-Dynamics of Media Writing: Adapt and Connect by Vincent F. Filak.

Kindle ISBN: 978-1483377605.

-Articles, audio/visual content as assigned by the instructor.

Expectations

  • Students should arrive on time, having reviewed assigned materials, and participate
  • Missing class is permitted (with prior approval from instructor) for illness, emergency or internship-related opportunity. An absence for any other reason will be penalized.
  • Students are expected to do their own work and you are expected cite sources.
  • Students should discuss in advance with the instructor any needed accommodation.

Semester Grading Scale based on 1000 Points (or TBD)

A: 930-to-1000 points. | A-: 900-to-929.

B+: 870-to-899 points. | B: 830-to-869. | B-: 800-to-829.

C+: 770-to-799 points. | C: 730-to-769. | C-: 700-to-729.

D+: 670-to-699 points. | D: 630-to-669. | F: 629 or below.

Assignment Grading Scale

Attention/Participation: 100 points.

Project Assignments: 500 points. | Midterm: 150 points. | Final: 250 points.

Project Assignments:

Project 1 (100 points) — Write an 800-word profile of the organization assigned by the instructor, focusing on its story, its mission, media and online media strategy. Further details to be provided by the instructor.

Project 2 (100 points) — A dozen or so historical photos and video clips will be distributed in a PDF that tell the story of a significant event in the political life of the United States. Write a 700-word analysis on the use of photography/videography as tools in political communication, emphasizing how issues were framed, how public perception was changed and how content altered debate on Capitol Hill or among citizens.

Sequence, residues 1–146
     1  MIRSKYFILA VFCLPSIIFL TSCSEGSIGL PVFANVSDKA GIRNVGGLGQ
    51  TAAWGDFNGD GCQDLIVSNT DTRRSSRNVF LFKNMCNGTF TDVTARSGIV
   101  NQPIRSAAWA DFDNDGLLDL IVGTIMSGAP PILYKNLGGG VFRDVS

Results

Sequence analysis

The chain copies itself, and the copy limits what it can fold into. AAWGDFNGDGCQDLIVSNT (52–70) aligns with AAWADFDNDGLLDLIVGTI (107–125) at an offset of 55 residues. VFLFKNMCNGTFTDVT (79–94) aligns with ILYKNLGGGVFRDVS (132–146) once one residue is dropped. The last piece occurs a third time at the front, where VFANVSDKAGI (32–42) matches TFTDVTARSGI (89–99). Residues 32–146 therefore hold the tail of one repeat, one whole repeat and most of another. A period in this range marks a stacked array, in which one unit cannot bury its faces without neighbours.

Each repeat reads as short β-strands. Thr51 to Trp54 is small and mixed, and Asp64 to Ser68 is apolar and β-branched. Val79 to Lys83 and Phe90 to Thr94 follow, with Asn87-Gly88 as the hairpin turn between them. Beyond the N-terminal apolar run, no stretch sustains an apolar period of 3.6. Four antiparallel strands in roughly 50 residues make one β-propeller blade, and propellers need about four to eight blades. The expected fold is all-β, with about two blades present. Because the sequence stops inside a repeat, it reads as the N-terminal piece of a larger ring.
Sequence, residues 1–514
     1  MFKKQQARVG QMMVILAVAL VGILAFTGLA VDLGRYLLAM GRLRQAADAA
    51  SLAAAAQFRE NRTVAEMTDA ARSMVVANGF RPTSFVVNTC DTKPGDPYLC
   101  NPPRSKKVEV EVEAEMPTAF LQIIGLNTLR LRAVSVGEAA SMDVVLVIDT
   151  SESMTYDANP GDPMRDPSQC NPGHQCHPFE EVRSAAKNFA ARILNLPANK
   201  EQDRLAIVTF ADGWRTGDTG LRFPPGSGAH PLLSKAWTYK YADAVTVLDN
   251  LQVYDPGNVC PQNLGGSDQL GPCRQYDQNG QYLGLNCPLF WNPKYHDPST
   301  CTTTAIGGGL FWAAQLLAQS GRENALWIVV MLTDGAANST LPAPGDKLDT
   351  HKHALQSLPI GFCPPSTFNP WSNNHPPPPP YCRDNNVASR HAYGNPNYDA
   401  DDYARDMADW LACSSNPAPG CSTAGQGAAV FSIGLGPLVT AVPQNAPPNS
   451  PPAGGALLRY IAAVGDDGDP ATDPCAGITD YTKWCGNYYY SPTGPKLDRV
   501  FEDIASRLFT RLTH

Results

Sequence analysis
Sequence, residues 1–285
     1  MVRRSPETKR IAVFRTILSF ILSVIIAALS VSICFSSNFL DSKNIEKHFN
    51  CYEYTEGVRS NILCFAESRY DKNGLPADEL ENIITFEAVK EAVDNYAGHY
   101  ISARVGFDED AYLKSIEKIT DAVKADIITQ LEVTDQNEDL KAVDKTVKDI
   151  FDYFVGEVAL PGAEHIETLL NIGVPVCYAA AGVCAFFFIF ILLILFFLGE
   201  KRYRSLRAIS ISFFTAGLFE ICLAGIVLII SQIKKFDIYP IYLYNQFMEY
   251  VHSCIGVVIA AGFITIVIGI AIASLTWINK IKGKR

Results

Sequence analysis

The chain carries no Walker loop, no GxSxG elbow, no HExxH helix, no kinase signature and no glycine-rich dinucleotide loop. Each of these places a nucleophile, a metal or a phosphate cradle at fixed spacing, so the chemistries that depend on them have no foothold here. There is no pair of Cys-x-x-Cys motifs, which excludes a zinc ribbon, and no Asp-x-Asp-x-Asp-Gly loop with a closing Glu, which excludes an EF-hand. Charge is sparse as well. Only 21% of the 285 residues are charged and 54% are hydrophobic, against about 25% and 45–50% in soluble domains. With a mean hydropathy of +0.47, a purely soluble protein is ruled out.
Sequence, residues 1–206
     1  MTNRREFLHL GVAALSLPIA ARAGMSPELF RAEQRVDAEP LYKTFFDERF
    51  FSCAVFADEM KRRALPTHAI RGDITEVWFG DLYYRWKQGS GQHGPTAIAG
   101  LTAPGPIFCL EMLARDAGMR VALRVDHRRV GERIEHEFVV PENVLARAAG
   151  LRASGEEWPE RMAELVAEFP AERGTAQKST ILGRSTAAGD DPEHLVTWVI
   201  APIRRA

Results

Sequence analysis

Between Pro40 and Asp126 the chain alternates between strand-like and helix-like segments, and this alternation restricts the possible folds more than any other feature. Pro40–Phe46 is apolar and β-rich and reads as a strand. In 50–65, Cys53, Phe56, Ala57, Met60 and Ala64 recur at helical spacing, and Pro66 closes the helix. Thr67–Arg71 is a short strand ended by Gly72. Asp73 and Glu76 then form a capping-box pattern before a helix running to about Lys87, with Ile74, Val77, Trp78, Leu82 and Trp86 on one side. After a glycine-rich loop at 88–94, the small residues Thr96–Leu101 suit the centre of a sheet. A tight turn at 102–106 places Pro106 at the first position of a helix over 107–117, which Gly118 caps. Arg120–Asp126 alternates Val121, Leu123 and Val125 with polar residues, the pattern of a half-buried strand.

Project 3 (100 points) — Conduct a Press Conference based on a topic and client/employer selected in class. Keep in mind the mood of the electorate and lawmakers as you plan. Ask yourself what you’re trying to accomplish. Remember: How you present the items as part of an overall agenda, how it’s framed, if lobbyists have a role and the impact (real or perceived) on the public’s interest figure into the success of your event. Dozens of PCs are held daily so you must figure out what will make yours special. Here are your duties: 1) Write a one-page press release (50 points); 2) Deliver an opening statement of up to two minutes (25 points), and 3) Field questions from “reporters” portrayed by your classmates (25 points).

Project 4 (100 points) — Write and deliver a rousing five-minute speech on your assigned topic that features a solid point of view and a strong call to action. The speech should put your clients in the best possible light and position them as strategic thinkers who truly understand the dynamics of U.S. and world politics.